Another subtlety I noticed during my drive were two trucks loaded with pipe that was maybe 3 feet in diameter and 20 feet in length. It wasn't a particularly noteworthy sight, except for the police escort, before and after the trucks. There was no wide load sign, and the loads weren't wide. These escorts weren't the traffic technicians that usually accompany wide loads. They were marked cars with blue lights flashing. Coming home, I saw the exact same thing.
I think the pipe was destined for the relief wells, and it was a visual reminder of the enormity of that task. If it takes two trucks and two law enforcement vehicles to transport about 120 feet of pipe, what level of effort will it take merely to get the equipment for those very important wells to the site, much less to drill two such tremendously deep wells? This may be part of the reason we're being told that it will be August before the wells will be finished. Who knows? Maybe they're having to make the pipe before they can finish the wells. It seems to me that someone should have thought of the logistics of this Herculean effort before they ever began drilling at that depth in the first place.
As I neared New Orleans, I drove over swamps and industrial canals and neighborhoods that shouldn't be still trashed from Katrina, but they are. I whizzed past high-rises and the Superdome, and my car climbed high, high above the Mississippi River. Then I hung a left and stopped in Algiers to pick up my cousin Cheryl.
Cheryl grew up on the West Bank and still lives there. She spent several years living in Plaquemines Parish. She'd told me that she thought she could find a friend with a fishing camp we could borrow for the weekend. She could think of three off the top of her head, but she hoped she could get us access to her boss's camp because it "was nice."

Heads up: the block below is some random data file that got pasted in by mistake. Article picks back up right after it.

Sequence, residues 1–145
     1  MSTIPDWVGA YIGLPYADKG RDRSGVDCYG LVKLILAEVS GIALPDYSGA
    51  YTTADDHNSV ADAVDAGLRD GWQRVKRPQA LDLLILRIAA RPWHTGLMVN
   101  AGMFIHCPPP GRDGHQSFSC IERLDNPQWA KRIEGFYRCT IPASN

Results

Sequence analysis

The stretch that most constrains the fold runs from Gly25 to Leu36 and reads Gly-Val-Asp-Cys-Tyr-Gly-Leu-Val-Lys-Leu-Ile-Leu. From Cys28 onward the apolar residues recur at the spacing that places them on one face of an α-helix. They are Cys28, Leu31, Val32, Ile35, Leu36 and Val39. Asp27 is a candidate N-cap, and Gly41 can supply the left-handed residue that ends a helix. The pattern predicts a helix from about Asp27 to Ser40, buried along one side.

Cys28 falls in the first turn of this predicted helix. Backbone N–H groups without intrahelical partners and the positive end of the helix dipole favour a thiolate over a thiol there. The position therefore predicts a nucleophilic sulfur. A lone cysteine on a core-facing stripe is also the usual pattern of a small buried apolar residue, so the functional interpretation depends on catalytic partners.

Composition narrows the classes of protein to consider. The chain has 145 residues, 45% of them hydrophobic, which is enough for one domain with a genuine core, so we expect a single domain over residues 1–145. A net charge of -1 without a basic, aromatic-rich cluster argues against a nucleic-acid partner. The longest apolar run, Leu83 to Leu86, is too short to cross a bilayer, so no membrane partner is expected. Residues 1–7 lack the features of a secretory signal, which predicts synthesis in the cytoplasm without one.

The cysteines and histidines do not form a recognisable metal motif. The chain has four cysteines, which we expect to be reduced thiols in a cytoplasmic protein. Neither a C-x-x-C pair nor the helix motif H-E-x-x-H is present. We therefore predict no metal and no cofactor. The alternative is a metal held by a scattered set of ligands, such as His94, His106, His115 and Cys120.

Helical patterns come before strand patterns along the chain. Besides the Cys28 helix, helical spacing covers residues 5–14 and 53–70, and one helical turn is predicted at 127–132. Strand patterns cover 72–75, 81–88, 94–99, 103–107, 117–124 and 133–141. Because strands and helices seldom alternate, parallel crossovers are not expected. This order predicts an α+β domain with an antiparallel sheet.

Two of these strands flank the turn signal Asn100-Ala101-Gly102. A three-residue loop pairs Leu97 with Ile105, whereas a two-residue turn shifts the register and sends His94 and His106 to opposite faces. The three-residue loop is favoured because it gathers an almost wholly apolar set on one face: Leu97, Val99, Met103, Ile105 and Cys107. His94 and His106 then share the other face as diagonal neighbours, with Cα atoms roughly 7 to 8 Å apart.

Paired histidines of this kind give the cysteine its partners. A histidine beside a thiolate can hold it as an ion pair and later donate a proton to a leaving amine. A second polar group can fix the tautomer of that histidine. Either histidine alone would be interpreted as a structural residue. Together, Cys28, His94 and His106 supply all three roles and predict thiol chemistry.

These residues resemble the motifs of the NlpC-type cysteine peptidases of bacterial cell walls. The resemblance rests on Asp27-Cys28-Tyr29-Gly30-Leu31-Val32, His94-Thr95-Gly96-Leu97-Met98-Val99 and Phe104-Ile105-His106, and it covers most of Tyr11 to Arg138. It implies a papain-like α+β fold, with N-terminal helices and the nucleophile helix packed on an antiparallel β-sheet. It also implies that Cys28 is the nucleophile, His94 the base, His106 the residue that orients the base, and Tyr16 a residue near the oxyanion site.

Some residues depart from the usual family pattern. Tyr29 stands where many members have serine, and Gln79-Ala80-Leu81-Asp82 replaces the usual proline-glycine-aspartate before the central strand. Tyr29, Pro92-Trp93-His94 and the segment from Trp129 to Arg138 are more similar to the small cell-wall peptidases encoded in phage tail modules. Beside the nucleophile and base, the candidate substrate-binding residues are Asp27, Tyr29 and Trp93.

I was expecting something like this:
(Notice how the gorgeous water and sky makes plumbing-free shacks built with scraps of plywood and random pieces of roofing look fairly beautiful.)
Here's the actual camp:
It has four bedrooms, granite countertops, stainless steel professional appliances, and it is beautifully decorated. I looked and looked for something in that "fishing camp" that wasn't nicer than anything I owned. Nope. I was hoping for a relaxing getaway, but I really didn't expect luxury. Score!
The owner, Kenny, came down while we were there and took us out in his friend's boat, so we scored again, since my main goal was to get a look at the countryside and the oil spill. But I'll get to that later. On that first evening two exhausted single moms sat on the porch of that magnificent "camp", looking out over the water while we soaked in the jacuzzi, drank beer, and digested a big platter of crawfish. It was truly hard to imagine the devastation that is surely coming to that very spot.
Tomorrow, I'll tell you about a national monument, scads of helicopters, an oiled pelican, and a whole bunch of sandbags. Pray with me that BP gets the oil well capped soon, so that the hardworking relief workers I saw can know that they are making progress, rather than just continuing with the Sisyphean task of mopping up oil while more spews into the Gulf to take its place.